A small group has escaped the city in search of freedom–both civically and spiritually. Most have surrendered their own agendas and seek the good through the leadership of a mysterious prophet-like leader named Aaron.

The Calling has plenty of suspense and action that draws the reader in; it also provides a background for though and discussion on freedom, surrender, and fighting for what matters.

Here are some thoughts from the author Rachelle Dekker:

In the book you talk a lot about surrendering to fear. What does this look like and how does this help us to not be afraid?

I think sometimes the natural reaction to fear is to hide from it, or try and push it away. It’s the idea that if we can’t see it then it must not be there, but we all know that unless dealt with the unseen things often come back to bite us. The only way to face fear is to walk through it; surrendering to Father God and letting Him reminder us of our true identity. Only then do we really see that the light within us is always greater than the fear we face.
Do you relate to any of the characters in The Calling in terms of how you’ve faced and handled fear in your life? How so?
Of course, every character I write ends up having some reflections of things I’ve faced
personally. You can only write what you know, as they say. I, very much like Remko, have the tendency to be in “my head” too much when faced with fear, and I struggle to let go of the need for control and simply surrender. That’s one of the main reasons I decided to write this story.

What do you hope readers will take away from the story?

I hope they take a moment to see themselves as children of the Father. I hope they see that true freedom and fearlessness rest in surrendering, and that when they stand with the Father than nothing can stand against them. There is incredible peace in that truth, and I hope, like I am beginning the experience, that readers feel that same peace.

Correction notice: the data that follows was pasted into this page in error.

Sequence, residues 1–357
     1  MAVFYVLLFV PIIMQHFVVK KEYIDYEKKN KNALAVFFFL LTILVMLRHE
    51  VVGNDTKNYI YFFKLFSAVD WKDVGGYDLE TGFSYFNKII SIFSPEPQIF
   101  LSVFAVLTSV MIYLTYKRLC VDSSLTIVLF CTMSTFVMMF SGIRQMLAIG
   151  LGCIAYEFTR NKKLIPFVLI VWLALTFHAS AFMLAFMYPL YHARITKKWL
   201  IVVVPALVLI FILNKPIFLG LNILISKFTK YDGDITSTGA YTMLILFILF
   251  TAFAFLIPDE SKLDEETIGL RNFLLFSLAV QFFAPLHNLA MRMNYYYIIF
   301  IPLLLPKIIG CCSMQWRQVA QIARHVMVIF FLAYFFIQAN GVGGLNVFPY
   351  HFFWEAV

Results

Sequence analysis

This was a departure from my normal reads. It isn’t a Christian book (which I normally review, but read a wide variety of literature) if that’s what you’re looking for. But it was a good read. Almost reminiscent of Ian Fleming’s early James Bond novels. There wasn’t espionage or much suspense, but the story was intriguing with plenty of exotic locales.

Robert is a young English teacher from the United Kingdom spending his summer vacation in Southeast Asia. After entering Cambodia from Thailand and wining a large some of money at a casino, Robert ponders leaving his old life behind and go “missing” in Cambodia. He comes across an American who drugs him, steals everything he has, and sends him down the river on a boat to the capital city where Robert takes on a new identity.

The story initiates the reader to the Cambodian countryside and city life. From local food to ancient landmarks to the native people, Hunters in the Dark is an enjoyable romp through Southeast Asia as well as into the carefree life of Robert Grieve.

In exchange for an unbiased review the publisher provided me with a free copy of this book.

We all go through transitions and changes in our lives. I’ve certainly gone through my share–even recently. So I was excited to have the opportunity to read Beginnings: The First Seven Days of the Rest of Your Life. Author Steve Wiens is a church planter within my denomination locally–I have some friends who know him well.

I was hoping for some more practical advice and thoughts in going through some new beginnings in life. I didn’t find those so much. But I still enjoyed the thoughts on new beginnings as Steve Weins walks through the seven days of creation:

  1. Light bursts from darkness
  2. We are expanded
  3. We bring our gifts to the world
  4. We embrace the seasonality of life
  5. We face our monsters
  6. We find out who we are and where we came from
  7. We rest

I appreciated insight into what it means to be created good and in God’s image.

I received a free copy of this book from the publisher in exchange for an unbiased review. book2